Neutralization of TGF-β and α4 integrin
5 µg/ml anti–TGF-β (clone1D11, R&D) was added to adult CFB cells 1 h before adding Th1 cells at a 5:1 (CFB/T cell) ratio. CFB/T cell co-culture with or without anti–TGF-β was incubated overnight. 1D11 is a mouse mAb that specifically neutralizes the biological activity of TGF-β1, TGF-β2, and TGF-β3 both in vitro and in vivo (Dasch et al., 1989). A total of 20 μg/ml α4 integrin (CD49d; clone 9C10, BioLegend) was added to Th1 cells for 30 min before overnight co-culture with CFB. Isotype rat IgG2a was used as control.
CFBs were cultured in FGM2 on 1% gelatin-coated glass coverslips within a 6-well plate until confluent. They were then deprived of serum for 24 h. T cell subsets were labeled with CD4+–Alexa Fluor 488 or remained unlabeled and added to the culture medium in concentrations as indicated overnight. At the end of each treatment, cell layers were washed twice with PBS and permeabilized in ice-cold acetone for 10 min. Nonspecific binding was prevented by incubation with DPBS + 0.1 mg/ml salmon DNA, 1% goat serum, and 1% horse serum for 1 h. Cells were incubated with specific antibodies at 1:250 dilution. The cells were then incubated at 4°C overnight and washed three times with PBS. As negative controls, parallel slides were incubated with no primary antibody. Alexa Fluor 568–conjugated goat anti–mouse or goat pAB to α chicken IgY Alexa Fluor 488 was used as a secondary antibody. Visualization was performed with a Nikon Ti inverted fluorescent microscope. Quantification of α-SMA fluorescence intensity was performed using National Institutes of Health ImageJ software.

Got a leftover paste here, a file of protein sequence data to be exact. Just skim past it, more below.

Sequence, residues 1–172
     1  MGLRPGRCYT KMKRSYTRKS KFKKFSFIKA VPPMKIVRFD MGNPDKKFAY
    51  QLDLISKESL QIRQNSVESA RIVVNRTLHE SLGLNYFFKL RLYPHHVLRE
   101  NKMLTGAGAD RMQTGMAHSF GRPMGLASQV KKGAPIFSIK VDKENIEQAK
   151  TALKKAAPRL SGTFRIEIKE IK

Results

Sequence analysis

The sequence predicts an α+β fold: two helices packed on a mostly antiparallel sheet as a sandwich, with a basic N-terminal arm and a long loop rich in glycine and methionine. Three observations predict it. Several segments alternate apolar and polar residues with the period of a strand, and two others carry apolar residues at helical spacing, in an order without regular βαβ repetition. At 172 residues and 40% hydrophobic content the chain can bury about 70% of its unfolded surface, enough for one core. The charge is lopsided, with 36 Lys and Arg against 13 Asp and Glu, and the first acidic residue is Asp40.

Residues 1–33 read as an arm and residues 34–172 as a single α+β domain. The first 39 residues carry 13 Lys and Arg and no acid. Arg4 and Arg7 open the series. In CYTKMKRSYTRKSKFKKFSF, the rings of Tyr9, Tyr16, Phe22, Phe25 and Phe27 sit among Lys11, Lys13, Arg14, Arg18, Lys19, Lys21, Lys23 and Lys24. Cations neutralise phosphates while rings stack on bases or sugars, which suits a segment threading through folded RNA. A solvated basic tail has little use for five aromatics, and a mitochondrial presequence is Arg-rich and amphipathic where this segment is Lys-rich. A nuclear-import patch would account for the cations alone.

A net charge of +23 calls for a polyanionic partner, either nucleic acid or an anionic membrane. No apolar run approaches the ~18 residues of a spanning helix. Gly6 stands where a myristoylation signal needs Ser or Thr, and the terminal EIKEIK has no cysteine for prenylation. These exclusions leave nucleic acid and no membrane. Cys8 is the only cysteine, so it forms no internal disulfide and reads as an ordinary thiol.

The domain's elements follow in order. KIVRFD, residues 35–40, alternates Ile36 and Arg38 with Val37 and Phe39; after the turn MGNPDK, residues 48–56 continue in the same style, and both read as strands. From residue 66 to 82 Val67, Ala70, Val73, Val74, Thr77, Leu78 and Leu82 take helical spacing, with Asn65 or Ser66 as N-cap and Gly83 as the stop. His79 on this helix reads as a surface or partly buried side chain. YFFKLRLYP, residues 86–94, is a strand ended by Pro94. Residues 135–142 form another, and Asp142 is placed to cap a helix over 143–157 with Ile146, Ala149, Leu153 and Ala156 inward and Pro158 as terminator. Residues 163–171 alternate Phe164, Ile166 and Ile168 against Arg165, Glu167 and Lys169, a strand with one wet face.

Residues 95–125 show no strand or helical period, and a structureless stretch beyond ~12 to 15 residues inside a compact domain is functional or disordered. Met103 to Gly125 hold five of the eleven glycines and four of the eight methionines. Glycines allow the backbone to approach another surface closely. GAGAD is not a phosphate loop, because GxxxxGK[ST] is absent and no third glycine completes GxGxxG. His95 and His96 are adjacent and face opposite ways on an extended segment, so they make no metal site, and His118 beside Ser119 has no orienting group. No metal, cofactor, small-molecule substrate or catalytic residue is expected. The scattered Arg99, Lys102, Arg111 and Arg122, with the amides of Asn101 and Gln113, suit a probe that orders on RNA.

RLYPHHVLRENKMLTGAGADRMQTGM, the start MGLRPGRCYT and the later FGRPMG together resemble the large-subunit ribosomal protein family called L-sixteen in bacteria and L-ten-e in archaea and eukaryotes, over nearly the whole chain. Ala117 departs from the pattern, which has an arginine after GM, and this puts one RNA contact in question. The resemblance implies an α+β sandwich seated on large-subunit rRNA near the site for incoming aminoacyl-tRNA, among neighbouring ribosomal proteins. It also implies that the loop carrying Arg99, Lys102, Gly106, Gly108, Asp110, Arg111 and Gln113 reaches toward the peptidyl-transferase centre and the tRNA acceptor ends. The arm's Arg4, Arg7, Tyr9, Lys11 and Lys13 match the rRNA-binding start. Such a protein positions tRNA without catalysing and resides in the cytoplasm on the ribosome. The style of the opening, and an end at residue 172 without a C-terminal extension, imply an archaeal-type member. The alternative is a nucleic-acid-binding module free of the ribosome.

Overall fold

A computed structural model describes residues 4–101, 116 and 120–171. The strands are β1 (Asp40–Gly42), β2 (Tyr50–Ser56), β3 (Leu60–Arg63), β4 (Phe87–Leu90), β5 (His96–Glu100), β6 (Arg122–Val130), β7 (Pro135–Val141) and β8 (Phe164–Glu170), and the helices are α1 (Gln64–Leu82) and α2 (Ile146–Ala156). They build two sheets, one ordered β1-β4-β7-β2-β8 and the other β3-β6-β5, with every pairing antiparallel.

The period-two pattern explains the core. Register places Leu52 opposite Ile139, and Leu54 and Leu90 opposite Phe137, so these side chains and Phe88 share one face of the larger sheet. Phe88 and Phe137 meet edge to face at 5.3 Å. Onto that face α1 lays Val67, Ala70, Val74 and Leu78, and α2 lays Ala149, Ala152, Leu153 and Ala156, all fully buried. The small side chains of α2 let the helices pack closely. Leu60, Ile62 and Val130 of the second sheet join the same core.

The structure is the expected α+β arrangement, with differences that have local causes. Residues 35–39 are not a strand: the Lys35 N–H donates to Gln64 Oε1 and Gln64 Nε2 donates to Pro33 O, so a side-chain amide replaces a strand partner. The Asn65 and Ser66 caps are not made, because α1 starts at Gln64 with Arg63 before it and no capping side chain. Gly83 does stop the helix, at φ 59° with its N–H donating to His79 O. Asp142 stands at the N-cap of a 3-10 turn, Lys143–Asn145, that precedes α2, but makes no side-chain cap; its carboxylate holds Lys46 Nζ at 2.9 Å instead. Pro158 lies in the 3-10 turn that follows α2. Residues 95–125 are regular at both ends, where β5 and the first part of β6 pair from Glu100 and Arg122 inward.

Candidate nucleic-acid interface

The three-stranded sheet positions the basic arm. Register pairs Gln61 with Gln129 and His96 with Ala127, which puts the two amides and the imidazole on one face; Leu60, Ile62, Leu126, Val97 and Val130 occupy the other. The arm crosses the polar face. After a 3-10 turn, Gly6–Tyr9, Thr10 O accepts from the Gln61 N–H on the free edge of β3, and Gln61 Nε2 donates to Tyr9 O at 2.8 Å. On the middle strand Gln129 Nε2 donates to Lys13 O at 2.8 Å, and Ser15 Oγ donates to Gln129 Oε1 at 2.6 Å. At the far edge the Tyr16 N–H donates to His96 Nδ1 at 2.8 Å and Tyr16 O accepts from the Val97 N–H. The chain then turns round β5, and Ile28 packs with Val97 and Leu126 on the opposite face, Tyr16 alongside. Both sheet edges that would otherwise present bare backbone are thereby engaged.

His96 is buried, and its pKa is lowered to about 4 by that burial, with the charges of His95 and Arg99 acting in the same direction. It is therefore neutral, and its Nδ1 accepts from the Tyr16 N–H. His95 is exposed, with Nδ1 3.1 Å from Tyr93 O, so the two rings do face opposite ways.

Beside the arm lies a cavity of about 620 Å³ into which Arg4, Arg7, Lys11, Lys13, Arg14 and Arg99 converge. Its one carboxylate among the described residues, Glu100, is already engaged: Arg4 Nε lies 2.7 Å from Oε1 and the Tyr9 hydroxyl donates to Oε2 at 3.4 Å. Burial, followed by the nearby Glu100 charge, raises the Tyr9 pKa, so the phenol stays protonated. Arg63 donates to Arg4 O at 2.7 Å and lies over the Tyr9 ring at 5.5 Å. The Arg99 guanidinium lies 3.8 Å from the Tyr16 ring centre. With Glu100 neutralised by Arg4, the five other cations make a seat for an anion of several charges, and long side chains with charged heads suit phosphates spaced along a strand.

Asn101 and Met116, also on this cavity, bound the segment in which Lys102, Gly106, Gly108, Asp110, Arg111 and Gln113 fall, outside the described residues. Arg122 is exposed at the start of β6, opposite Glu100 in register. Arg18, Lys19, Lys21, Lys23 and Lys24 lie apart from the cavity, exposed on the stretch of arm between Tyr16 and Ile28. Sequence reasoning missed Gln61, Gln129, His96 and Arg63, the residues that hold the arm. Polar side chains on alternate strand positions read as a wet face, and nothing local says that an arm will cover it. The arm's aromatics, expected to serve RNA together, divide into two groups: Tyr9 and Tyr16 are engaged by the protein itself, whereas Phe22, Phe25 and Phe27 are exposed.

RNA extraction and real-time quantitative PCR